|After the story (DOG EAR)|
|Written by Administrator|
|Thursday, 01 January 2015 00:00|
o I’m in Stephen Donaldson’s Lord Foul's Bane right now, a saga that a reader-chum at work convinced me to try. This has been on the back of my mind since my roomie in college (all those long years ago) raved about it.
And it’s the usual fantasy novel. A lot of walking and a lot of strange names, races and titles. And while I can’t do anything about the travelogue, I remembered what I should do for the baffling syntax.
Yeah, you got it. Flip to the back. And there’s the glossary.
I can’t tell you how many times I’ve struggled through a difficult book only to stumble onto the woulda-been-helpful glossary after the final page has been flipped. As a young reader, I came upon it too late in Flashman. Recently, the one in first Game of Thrones book eluded me (difficult to imagine, since it’s a short story in itself).
I can’t be the only one missing the glossary until it’s too late.
I’m left wondering if there is something we might do, as writers, to help the readers get through our sprawling tales where the IIlianx are in desperate a Rossari-war to prevent the dark Valdiaks from destroying Upah4&%. The only thing I can think of is the splash page, where the title and author appear (in the stark moviehouse, soul-reflection purity of page-whiteness), and just before the page with your pithy quote. Perhaps, below the title and below the author, well down so as not to trouble the visuals of the thing, the words Glossary Follows should be added. This won’t save everyone – depending on my mood, I’ll either pause at that page and muse “So it begins…” or just flip past all that to the first page, snuggling into my chair and diving into the action.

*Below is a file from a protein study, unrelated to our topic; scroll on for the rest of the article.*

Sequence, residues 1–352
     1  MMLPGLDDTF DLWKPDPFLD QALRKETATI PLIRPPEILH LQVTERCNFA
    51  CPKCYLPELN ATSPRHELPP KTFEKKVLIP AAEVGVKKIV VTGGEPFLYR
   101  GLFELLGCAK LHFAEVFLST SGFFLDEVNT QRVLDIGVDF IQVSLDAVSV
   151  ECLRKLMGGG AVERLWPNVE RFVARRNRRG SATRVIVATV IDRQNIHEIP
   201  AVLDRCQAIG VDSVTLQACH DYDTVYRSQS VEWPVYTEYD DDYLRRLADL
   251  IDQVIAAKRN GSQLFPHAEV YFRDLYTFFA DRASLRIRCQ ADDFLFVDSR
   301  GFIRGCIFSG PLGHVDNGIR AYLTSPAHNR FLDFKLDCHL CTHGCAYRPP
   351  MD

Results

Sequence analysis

Another idea (one I originally intended for Fire and Bronze when it was more a Phoenician language glossary than story) was to put it in the front, just after the title and quote. This, of course, works because the reader will likely spot it going in. The danger of this is that a glossary that notes a character as Fundamere: itinerant woodgatherer and secret King of Upah4&% gives the game away. Also, bulky front-side glossaries might put off a potential reader who is thumbing open the book at the local shop, setting him to thinking “I gotta know all this? Shoot, learning French would be easier…”
But there are at least two options. However, all writers should remember that, unlike the readers we dream of writing for, most readers are catching a couple of pages on the evening train or right before bed. They need hints if they are to follow your Rossari-war. In the realms of make-believe or detailed historic fiction, where the culture is not our own, you’ll likely need a glossary. And where you’ll put it – that’s up to you.
|Last Updated on Thursday, 01 January 2015 08:42|